What child has never made a leaf collection? Children (of all ages!) love to pick up and save perfectly formed specimens of colorful fall leaves. It’s fun to collect many types of plants and plant parts, from wildflowers to fern fronds. You might wish to press leaves and flowers to make decorative items such as bookmarks, note cards, framed wall art, or mementos to insert into a scrapbook. Let’s learn how to press and dry plants!
Preserved leaves and plant specimens are also useful to keep as references when you are learning about the kinds of plants in your area. Any collection of dried or preserved plant specimens is called a “herbarium.” Scientific and educational plant collections have been made for hundreds of years. Early collections focused on plants with medicinal properties for use by early herbalists. The oldest herbarium in the world is more than 425 years old! These early collections were actually pressed plants that were mounted on paper and then bound into books.
One of the most famous plant collectors was Swedish naturalist Carl Linnaeus, who invented our system of plant and animal classification. This year is the 309th anniversary of Linnaeus’s birth in 1707. His pressed plant specimens are still used in scientific work today, and are housed in special environmentally-controlled vaults at the Linnaean Society of London (www.linnean.org). Linnaeus invented the modern herbarium method which dispensed with “books” of plants and instead involved mounting each specimen on a separate unbound sheet of paper. Then these sheets are stored in folders, like file folders, which makes it easy to add to the collection or remove a single sheet for study. Modern herbaria are “digitizing” herbarium specimens by scanning the sheets and putting the images online to make them available to students and scientists around the world. (For example: www.ibiblio.org/pic/herbarium.htm.)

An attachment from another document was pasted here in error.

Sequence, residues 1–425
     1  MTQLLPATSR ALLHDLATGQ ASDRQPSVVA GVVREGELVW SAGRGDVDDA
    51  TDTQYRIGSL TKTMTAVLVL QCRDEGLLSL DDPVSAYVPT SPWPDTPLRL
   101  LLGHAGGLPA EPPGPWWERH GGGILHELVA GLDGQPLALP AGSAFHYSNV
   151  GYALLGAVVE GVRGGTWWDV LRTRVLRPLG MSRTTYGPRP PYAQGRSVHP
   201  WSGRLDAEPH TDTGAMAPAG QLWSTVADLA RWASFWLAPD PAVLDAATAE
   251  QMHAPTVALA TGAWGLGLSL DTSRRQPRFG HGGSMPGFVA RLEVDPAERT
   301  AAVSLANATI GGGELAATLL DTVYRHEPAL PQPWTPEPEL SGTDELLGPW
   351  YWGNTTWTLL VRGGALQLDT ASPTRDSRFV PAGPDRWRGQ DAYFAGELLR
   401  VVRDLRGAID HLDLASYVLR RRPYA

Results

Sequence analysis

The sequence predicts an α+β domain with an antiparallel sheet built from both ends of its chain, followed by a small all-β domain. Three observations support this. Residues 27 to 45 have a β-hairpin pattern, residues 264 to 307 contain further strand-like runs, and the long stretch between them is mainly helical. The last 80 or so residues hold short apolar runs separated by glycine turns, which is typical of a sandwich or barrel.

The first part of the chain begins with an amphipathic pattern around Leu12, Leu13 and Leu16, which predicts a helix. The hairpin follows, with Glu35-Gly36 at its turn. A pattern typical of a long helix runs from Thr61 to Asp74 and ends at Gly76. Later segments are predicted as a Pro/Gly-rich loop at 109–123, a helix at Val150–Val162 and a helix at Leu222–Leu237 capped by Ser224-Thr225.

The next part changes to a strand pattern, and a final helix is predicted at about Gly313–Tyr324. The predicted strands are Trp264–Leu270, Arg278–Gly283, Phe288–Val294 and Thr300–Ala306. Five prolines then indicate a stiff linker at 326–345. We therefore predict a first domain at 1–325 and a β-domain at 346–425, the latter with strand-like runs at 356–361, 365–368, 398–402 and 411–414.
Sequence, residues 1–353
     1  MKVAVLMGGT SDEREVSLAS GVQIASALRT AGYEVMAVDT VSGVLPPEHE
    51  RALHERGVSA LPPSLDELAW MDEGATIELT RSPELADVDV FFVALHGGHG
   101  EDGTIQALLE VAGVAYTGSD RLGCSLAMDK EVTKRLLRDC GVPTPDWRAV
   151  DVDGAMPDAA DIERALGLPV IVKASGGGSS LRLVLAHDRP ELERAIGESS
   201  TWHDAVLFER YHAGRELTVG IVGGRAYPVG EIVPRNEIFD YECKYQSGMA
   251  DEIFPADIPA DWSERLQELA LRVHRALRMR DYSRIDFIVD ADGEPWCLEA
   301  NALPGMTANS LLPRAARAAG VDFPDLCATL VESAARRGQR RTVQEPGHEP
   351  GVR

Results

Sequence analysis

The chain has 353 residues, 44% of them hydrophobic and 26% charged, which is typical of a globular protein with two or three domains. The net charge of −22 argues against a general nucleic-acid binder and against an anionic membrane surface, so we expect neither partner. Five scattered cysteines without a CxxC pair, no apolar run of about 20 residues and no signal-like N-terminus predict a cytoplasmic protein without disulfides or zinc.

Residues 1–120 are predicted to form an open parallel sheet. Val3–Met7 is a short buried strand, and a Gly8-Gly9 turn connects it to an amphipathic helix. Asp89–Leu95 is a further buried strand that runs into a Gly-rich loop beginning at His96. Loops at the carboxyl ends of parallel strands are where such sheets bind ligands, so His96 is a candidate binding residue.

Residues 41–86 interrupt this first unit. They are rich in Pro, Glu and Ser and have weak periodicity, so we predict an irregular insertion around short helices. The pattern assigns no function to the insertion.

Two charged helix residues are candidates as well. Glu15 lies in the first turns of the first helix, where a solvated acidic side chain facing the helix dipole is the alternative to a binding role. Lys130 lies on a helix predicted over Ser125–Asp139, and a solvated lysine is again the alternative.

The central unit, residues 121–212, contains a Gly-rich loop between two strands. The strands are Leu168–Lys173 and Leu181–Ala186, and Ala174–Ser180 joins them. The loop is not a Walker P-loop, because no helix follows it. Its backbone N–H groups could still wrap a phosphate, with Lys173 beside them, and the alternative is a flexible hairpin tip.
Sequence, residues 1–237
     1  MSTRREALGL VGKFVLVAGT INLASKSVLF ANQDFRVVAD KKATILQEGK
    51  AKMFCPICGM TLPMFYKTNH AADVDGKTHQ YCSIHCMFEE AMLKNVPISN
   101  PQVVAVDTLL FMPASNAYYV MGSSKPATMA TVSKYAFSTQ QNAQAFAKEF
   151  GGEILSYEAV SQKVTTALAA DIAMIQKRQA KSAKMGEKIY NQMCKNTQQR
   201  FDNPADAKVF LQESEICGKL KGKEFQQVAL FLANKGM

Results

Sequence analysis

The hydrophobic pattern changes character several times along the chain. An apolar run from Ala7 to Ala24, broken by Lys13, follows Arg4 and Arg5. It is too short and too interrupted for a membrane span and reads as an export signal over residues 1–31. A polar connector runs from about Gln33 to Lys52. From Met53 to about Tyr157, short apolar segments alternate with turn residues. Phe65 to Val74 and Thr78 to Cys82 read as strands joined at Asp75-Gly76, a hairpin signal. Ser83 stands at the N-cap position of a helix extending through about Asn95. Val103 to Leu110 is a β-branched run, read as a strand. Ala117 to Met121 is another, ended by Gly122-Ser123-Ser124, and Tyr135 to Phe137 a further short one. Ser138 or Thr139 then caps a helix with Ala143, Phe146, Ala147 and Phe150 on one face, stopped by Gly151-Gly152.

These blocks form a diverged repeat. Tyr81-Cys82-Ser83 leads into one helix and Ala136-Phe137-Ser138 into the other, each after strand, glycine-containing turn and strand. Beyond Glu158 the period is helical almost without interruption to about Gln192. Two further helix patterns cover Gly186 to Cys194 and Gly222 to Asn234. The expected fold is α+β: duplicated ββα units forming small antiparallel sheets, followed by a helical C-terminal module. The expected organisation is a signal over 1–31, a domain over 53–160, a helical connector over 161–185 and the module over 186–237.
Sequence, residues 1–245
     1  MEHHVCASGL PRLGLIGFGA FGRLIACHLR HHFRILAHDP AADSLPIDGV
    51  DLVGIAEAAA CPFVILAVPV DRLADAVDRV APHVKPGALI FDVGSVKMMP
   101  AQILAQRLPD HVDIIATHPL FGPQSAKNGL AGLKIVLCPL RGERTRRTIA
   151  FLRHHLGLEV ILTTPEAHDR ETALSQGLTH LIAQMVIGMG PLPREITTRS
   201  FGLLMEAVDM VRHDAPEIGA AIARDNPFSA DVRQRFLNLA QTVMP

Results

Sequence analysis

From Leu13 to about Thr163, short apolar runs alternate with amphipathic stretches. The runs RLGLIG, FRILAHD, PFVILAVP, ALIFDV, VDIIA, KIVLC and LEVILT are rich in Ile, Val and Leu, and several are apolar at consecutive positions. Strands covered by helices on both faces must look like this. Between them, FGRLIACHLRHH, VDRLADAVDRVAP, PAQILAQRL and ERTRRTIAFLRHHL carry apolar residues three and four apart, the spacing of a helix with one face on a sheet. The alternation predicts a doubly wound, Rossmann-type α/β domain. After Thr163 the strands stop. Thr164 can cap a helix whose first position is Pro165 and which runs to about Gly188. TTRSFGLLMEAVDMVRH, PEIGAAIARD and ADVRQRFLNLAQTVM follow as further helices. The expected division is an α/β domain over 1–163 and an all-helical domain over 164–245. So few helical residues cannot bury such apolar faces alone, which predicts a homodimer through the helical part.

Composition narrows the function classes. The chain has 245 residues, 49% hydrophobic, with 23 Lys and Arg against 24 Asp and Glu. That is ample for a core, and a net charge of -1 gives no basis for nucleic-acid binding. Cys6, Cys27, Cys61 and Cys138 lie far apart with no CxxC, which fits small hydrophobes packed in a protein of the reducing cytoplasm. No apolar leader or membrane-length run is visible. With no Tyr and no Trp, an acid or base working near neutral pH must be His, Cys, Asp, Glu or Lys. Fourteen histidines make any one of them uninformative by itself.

Most of us, however, are not saving our pressed leaves for scientific purposes. Even if you’re just pressing a leaf collection for school, you can be professional about it. What’s the best way to preserve their color and form? Speed is the key. The more quickly your specimen is pressed and dried, the more it will retain its true color and shape.
If you want to press plants like the professionals, a real “plant press” comes in handy. Basically this consists of two wooden frames that are 12 by 18 inches, layers of corrugated cardboard, absorbent blotting paper, newspaper and a couple of straps to hold the layers tight. The layers go like this: wooden frame first, then a piece of cardboard, then a piece of blotting paper, then a piece of folded newspaper with your leaf or plant inside of it, then another piece of blotting paper, then another cardboard on top to start the next layer. The blotting paper will draw the moisture out of the plant, and the corrugated cardboard allows air to flow between the layers to speed the drying process. When you’re done with the layers, the second wood frame goes on top, and the straps hold the layers as tight as possible. Keep a record of the date and location where you collected the plant, and always collect ethically.
You’ll need to tighten the straps daily as the plants dry; the drying time depends on the types of plants. Leaves will dry in a couple of days; thicker specimens will of course take longer. Place your specimen-filled press in a warm dry place, such as the trunk of your car, or in your attic, and your pressed plants will dry even faster. Then, get creative! Make an artistic design and frame it, or include pressed plants in your scrapbook. Or, delve into the interesting botany of the southern Appalachians and become a “citizen scientist.” Perhaps your plant collection will be used by another botanist 200 years from now!
Check out our plant presses here: